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5 of the Most Impressive Davis Cup Performances of All Time

by Oddspunter

In this post, we look at the history of a legendary tournament. Here are 5 of the Most Impressive Davis Cup Performances of all Time.

5 Most Impressive Davis Cup Performances of All Time

Wimbledon coming to a close and you’re already looking for your next Tennis fix? The Davis Cup to the rescue.

It’s the middle of July, and it’s lashing down with rain, yep, It’s Wimbledon season. To some, nothing more than a carnival of pomposity, rich folk gorging on strawberries and Ice cream, all decked head to toe in Ralph Lauren, listening to Cliff Richard. To others, it’s the pinnacle of the Tennis calendar. But what is certain is that it will all be a distant memory in a matter of days. But don’t worry. We’ve got the upcoming Davis Cup in 2023 on the horizon.

The intense verve of Nation v Nation, the patriotism, the raucous crowds, a rough and ready World Cup of Tennis, oh, and it doesn’t involve Clare Balding. Sadly, the finals don’t start until November, but let’s not allow time yet to pass to get in the way. Here are 5 of the most impressive performances to get you in the mood.

Fred Perry – 1933

Pretty much the zenith of British Tennis. This was the start of British domination that would last from 1933 – 1936. When met by the French juggernaut “The Four Musketeers” that had previously bulldozed all in their path from 1927 -1932, Perry stood defiant, a bit like that guy in front of the tank in Tiananmen Square. It was a turbulent tussle in the final and things got quite intense after Perry blew a 5-1 lead in the fourth set, but the plucky Brit came through 4-6, 8-6, 6-2, 7-5 clinching the cup.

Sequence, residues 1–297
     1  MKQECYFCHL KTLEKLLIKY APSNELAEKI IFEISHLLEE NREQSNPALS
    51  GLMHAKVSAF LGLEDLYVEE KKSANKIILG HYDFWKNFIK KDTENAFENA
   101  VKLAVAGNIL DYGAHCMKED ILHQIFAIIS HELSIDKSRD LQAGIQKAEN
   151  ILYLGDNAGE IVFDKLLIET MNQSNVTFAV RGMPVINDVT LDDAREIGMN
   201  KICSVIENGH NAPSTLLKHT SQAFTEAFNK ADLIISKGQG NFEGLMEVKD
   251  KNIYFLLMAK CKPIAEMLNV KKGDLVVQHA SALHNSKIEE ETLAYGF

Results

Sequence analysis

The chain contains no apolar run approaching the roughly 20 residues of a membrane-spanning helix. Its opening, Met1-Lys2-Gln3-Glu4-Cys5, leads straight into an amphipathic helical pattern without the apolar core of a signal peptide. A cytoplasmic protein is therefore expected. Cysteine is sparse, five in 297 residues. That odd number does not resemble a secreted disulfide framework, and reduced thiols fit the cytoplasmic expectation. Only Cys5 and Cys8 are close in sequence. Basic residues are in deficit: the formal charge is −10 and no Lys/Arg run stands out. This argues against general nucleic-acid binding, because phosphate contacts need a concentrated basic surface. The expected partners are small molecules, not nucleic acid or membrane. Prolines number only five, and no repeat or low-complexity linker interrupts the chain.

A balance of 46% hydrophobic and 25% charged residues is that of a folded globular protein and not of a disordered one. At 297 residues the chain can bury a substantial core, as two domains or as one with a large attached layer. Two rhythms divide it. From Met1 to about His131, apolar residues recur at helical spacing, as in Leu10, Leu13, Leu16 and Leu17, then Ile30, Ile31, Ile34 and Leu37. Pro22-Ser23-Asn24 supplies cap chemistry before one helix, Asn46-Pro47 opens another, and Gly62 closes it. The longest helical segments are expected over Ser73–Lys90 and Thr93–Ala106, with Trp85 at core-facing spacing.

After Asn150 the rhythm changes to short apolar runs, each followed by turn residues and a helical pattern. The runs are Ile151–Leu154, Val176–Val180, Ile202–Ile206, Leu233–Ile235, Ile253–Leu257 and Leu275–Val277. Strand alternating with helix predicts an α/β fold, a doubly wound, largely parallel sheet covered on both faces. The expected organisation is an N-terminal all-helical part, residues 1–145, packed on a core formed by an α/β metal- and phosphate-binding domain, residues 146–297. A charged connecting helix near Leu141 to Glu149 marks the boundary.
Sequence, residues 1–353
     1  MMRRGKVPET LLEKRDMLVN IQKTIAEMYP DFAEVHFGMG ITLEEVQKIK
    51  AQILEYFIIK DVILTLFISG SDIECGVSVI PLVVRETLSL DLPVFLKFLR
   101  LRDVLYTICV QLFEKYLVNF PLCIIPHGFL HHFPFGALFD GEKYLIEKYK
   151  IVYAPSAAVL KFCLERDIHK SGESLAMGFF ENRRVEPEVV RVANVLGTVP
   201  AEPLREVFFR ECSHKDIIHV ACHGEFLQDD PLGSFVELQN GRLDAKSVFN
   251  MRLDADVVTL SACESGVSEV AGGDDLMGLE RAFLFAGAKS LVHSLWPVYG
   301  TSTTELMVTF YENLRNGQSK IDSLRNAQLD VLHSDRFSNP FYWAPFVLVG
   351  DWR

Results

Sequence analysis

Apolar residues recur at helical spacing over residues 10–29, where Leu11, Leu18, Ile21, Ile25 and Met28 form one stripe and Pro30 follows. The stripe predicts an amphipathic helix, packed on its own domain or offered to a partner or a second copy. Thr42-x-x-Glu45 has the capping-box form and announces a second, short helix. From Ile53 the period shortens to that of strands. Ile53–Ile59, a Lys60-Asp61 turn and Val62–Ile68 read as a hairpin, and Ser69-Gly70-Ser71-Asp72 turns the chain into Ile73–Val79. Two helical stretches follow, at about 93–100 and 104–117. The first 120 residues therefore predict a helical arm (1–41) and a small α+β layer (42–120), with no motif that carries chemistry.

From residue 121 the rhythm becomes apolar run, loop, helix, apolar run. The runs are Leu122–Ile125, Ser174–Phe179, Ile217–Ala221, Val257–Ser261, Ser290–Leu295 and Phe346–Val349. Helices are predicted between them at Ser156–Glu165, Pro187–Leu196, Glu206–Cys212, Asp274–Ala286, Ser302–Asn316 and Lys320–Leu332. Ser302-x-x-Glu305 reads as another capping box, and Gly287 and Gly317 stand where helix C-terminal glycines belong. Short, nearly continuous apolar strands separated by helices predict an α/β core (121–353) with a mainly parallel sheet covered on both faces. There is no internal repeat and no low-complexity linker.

Pete Sampras – 1995

The American’s mission to Moscow came to a triumphant end after Sampras beat Andrei Chesnokov in the final match. Going into proceedings, crushing on clay wasn’t the Sampras’s forte, only recording single titles on the surface prior.

He dispatched the promising Yevgeny Kafelnikov in his first game in straight sets. Against Chesnokov, Sampras struggled after losing the first set but came roaring back to win the next two 6-2 & 6-4. Chesnokov took the fourth; however, Sampras bounced back to win the fifth.

He won all three of his matches to clinch it for the USA, despite collapsing towards the end. A true warrior. “Call it fate. Call it lucking out. Call it whatever,” reflected Samprass with hilarious honesty.

Henri Cochet – 1928

Cochet was nicknamed the Ball Boy of Lyon due to his diminutive stature. As part of the formidable “Four Musketeers”, he would help the French dominate from the late 1920s to the early 1930s. In a real clash of the titans (well in Tennis terms at least, Cochet was 5,6) he beat American superstar Bill Tilden 9-7, 8-6, 6-4 to seal France’s second consecutive Davis Cup title at the then-sparkling new Roland Garros. Cochet made history, sparking a Golden Age of French tennis.

Ivan Ljubicic – 2005

Ivan Ljubici must have had his head in his hands when faced with the daunting task of beating Andre Agassi, Andy Roddick, and the Bryan twins in the United States. Unfazed, that’s exactly what the fearless Croat did. He stunned the world by beating Roddick, 6-2 in the fifth set, despite the onset of cramp in the latter stages. Succumbing to his injury, he lost to Dominik Hrbaty, which had brought Slovakia level at 2-2.

Teammate Ancic beat Mertinak to clinch the best-of-five series between two first-time finalists. Ivan went down in folklore, significantly securing Croatia’s first and only victory in the tournament.

John McEnroe – 1982

The fiery New Yorker rocked up at this tournament as World No 1. In the quarter-finals in St. Louis, Missouri, he played in what was, at the time, the longest match in tennis history. An exhausting six hours and 22 minutes of play! Plenty of time for another one of his crazed rants at the umpire! The victory sent the USA to the final, beating the record for the longest tennis match. Quite the stint! So there you have it, 5 incredible performances to savour. We get it. November is still four months away, so why not check out our podcast for all things tennis?

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